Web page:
As was recently reported in the New York Times and elsewhere, the Justice Department issued new policies last week that place individual executives as the focus of their prosecution efforts, and encourage companies to cooperate in building a case against those individuals. The New York Times specifically noted that: (1) allegedly responsible individuals will be the focus of investigations at the outset; and (2) in settlement negotiations, companies will not be able to obtain credit for cooperating with the government unless they identify employees and turn over evidence against them.  This announcement appears to be the start of a larger agenda hinted at by newly minted Attorney General Loretta Lynch, who has promised to focus on white-collar crime. The Times article can be found here.

Of course, the scope and impact of this initiative will become clearer as it is implemented.  However, it should serve as a stark reminder to executives that their interests are not always aligned with those of their company, and that they should closely examine the insurance coverage dedicated to their defense and indemnity of government investigations and other lawsuits.  Continue Reading What Questions Executives Should Be Asking About Their D&O Insurance Following The New DOJ Policies Issued Last Week

A witness testifying under oath before the SEC recently refused to answer any questions directed to him, not because of any privilege, but rather — as he said, sixty-eight different times — because he was “scared” and “frightened.”  The SEC subsequently (and successfully) petitioned a Massachusetts federal court for an order compelling the individual to re-appear before the SEC and comply with the subpoena in question. SEC v. Carlos R. Garza, 1:15-mc-91258-RGS (D.Mass.).

On August 12, 2015, Carlos Garza appeared at the SEC’s Boston District Office pursuant to an administrative subpoena served on him by the SEC in connection with the SEC’s investigation of GAW Miners, LLC, (“GAW”) a purported leader in the virtual currency “mining” industry.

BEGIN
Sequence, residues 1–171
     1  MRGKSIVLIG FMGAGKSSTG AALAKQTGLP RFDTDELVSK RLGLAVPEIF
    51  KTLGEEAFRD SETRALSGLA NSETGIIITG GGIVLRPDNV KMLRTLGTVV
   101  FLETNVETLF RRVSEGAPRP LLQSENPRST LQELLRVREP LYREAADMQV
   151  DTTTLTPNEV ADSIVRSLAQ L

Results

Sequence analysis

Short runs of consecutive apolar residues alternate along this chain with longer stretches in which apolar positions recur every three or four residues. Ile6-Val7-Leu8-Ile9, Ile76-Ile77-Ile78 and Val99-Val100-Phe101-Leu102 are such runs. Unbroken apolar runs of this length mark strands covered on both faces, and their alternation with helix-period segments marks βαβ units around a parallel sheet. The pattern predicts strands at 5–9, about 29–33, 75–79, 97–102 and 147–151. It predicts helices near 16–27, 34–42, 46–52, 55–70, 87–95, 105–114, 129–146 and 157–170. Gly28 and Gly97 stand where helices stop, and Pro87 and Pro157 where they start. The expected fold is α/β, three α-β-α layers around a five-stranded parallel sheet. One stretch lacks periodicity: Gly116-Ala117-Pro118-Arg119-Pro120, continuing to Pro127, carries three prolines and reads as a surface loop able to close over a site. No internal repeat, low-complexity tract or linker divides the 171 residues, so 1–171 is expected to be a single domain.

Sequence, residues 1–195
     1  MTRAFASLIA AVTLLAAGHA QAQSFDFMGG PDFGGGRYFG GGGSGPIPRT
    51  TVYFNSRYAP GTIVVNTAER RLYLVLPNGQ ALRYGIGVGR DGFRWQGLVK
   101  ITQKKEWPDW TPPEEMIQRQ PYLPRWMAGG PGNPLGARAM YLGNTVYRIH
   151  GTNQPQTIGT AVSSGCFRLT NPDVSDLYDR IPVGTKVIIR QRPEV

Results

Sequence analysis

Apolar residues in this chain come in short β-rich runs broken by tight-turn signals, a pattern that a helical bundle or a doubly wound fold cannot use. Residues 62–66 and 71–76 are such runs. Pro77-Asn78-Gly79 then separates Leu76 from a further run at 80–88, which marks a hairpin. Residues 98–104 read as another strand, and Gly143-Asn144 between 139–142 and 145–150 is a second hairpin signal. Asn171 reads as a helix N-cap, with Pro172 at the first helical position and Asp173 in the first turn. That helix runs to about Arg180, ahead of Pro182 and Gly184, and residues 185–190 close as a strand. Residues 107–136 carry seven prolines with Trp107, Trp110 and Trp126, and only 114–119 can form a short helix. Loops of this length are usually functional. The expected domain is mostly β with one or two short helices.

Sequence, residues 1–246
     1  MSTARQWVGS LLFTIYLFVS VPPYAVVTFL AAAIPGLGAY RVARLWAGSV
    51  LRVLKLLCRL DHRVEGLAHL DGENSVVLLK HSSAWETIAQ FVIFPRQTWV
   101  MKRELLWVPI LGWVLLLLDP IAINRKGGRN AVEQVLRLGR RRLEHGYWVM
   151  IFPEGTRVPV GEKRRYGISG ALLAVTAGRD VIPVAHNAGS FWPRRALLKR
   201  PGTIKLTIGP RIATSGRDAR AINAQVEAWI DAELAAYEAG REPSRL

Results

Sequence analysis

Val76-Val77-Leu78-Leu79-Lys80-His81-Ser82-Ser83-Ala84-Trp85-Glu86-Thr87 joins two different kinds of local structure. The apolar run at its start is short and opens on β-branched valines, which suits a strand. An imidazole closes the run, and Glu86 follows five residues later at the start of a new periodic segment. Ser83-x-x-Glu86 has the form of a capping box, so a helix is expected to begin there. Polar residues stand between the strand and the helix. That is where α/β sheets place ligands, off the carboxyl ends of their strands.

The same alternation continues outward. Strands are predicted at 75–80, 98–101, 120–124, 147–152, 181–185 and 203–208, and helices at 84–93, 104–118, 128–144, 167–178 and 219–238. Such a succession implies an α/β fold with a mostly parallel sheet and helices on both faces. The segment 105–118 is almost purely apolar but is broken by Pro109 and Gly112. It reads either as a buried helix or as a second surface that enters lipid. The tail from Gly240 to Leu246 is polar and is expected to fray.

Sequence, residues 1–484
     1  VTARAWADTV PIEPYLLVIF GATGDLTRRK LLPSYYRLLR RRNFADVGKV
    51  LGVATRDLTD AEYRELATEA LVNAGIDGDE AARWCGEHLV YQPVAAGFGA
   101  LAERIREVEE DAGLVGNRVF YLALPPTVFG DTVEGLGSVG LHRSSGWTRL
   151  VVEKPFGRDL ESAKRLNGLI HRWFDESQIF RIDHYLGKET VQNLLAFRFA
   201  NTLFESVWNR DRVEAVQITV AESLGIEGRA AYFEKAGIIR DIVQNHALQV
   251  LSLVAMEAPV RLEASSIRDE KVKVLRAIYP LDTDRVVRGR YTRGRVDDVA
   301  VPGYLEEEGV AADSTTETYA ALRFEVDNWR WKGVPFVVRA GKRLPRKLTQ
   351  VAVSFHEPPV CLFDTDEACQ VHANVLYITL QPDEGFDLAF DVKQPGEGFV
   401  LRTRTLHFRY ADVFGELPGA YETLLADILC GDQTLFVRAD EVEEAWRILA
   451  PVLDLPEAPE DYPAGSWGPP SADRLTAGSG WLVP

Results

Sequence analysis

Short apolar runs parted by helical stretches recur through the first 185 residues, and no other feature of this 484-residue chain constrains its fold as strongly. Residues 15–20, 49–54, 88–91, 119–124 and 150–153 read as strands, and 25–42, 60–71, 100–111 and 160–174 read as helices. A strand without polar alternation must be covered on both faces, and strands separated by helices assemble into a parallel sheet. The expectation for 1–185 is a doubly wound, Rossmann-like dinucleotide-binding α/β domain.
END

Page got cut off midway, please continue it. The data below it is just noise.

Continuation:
According to the SEC, Garza, the brother of GAW’s CEO, served as a salesman at GAW where he focused on soliciting high-net-worth investors. GAW allegedly started as a distributor of computer hardware used in virtual currency (e.g. “Bitcoin”) mining, but its business model soon transitioned to selling shares in the profits it claimed would be derived from its own virtual currency mining operations. GAW named these shares “Hashlets” because they were claimed to represent a share of the company’s purported “hashing power,” (or computing power), that would be devoted to virtual currency mining. When its profits slowed, GAW allegedly sponsored the introduction of its own, new virtual currency, known first as HashCoin, and eventually as PayCoin. The SEC claimed that although GAW represented to the public that PayCoin would have a fixed value of at least $20 (U.S. dollars) per PayCoin, in actuality, its value quickly declined to approximately $.04 per PayCoin.

The SEC’s continuing investigation centers around potential securities law violations that occurred in connection with GAW’s sale of Hashlets and PayCoin, and the possibility that claims to investors about the virtual currency mining operations were false and misleading. The Commission is also investigating whether GAW’s Hashlet sales had the hallmarks of a Ponzi scheme and is investigating what happened to the millions of dollars in revenue that GAW earned in bitcoin and other virtual currencies.